When it comes to earning your turns, Kyle’s not just an advocate: he’s basically the poster child. While Kyle obviously enjoys the occasional lift-accessed downhill lap, he’s best known for his constant, enthusiastic presence at Highland’s dedicated uphill nights. The weekly event is known as Wednesduro, and was officially adopted by Highland after years of encouragement from Kyle and his friends on Team Granite. When the lift stops spinning, we open Freedom Trail to uphill traffic and anyone can pedal to the summit then choose their favorite trail for the descent. To many people this may sound more grueling than fun, but don’t knock it until you try it. It’s about the fitness, sure, but it’s also about the camaraderie. As anyone who has met Kyle knows, he’s all about bringing people together. Having a place like Highland to gather and connect with other like-minded riders can make all the difference.

pirates line

Dustin Iverson was introduced to the Highland Family by his coworkers at the bike shop he was working at in high school. “I was just a BMX kid who had never tried mountain bikes before,” he says. He was immediately hooked. He bought a bike and set about mastering…well, pretty much everything. Dustin may have entered the scene “just a BMX kid,” but nowadays he’s anything but. 

Like much of the Highland Family who have been riding here for years, Dustin has taken advantage of Highland’s varied terrain and evolved into an incredibly well-rounded rider, styling his way through smooth dirt jump lines, rocky and rooty downhill trails, and the slopestyle course. He also serves as a mentor for many of the young local shredders who look up to him for his style, patience, and overall identity as a rad and good dude. “Every couple of years when I have an apartment lease come up, I move a little bit closer to Highland,” he says. He and his wife now live about four miles down the road: “I can’t get close enough to here. I want to ride here every single day.” (Spoiler alert: he does.)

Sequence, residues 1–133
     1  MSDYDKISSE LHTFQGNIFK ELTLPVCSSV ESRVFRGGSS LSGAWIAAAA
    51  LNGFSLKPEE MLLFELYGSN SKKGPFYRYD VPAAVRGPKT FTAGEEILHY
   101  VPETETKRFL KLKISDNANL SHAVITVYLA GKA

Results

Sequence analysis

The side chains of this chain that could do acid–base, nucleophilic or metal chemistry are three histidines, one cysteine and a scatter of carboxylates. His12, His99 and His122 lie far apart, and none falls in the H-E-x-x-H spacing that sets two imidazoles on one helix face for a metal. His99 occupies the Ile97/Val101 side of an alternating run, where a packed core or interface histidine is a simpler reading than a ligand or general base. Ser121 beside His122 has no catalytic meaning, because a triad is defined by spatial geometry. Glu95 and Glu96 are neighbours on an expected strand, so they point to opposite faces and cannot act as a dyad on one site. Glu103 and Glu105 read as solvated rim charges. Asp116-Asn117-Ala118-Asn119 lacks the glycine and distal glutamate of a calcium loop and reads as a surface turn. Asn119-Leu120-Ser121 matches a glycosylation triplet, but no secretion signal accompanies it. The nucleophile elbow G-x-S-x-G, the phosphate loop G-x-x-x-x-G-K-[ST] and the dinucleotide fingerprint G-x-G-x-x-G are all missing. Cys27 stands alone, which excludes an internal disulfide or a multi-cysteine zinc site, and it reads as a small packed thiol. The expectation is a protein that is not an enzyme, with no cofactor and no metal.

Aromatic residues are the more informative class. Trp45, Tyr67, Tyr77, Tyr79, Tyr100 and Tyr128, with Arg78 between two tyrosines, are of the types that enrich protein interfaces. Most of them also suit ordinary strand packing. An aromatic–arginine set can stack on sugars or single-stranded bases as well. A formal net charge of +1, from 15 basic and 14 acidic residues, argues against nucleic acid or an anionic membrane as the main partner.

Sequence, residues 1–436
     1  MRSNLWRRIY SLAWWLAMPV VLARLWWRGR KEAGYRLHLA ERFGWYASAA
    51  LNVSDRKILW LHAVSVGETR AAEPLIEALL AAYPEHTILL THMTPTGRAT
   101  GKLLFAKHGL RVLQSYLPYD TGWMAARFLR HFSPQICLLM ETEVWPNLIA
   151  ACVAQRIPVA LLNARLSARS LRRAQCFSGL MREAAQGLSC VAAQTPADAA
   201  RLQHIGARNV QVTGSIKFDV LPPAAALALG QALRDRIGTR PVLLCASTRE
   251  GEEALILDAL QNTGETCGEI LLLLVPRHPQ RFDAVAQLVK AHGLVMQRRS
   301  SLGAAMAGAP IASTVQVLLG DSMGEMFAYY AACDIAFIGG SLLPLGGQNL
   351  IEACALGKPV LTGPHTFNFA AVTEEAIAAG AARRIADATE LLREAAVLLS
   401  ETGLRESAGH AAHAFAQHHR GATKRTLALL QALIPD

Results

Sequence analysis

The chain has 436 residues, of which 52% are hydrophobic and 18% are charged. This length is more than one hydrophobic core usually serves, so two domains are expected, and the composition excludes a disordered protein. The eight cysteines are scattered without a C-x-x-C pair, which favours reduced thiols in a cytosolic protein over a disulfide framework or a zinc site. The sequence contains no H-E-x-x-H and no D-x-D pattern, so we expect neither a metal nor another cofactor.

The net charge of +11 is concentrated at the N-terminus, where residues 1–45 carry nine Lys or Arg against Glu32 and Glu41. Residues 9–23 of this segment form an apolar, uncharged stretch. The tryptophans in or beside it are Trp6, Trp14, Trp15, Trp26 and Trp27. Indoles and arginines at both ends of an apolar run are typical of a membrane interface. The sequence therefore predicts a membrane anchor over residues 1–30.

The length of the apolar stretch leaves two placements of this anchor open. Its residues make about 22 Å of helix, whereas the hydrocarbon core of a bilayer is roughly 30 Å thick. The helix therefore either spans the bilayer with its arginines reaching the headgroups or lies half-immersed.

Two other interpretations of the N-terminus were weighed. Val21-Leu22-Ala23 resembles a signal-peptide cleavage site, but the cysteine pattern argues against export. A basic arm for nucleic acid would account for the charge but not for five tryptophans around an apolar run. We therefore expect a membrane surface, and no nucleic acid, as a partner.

KaJay Rooke has only been riding bikes for four years: and of those four years, she’s only been riding downhill for two. She found a home at Highland and in just two years her progression has been exponential. She credits the Highland Family with helping her to achieve so much on her bike in such a short period of time. Everyone at Highland, from her fellow lady shredders to her ‘dude friends’ have all been “unbelievably supportive.”

 “Once everybody’s riding together, everybody feeds off of the energy,” KaJay says. “Everybody is stoked for you, whether you’re hitting your first drop ever and it’s in Central Park, or you’re doing Freebird and that’s the biggest thing that you’ve hit ever.” The mountain’s resident Hype Woman, KaJay has quickly become a prominent figure in the growing women’s freeride movement at Highland. A dedicated crew of ladies has been picking their way through increasingly challenging features and tricks all summer, and at every turn KaJay is there cheering on friends and strangers indiscriminately.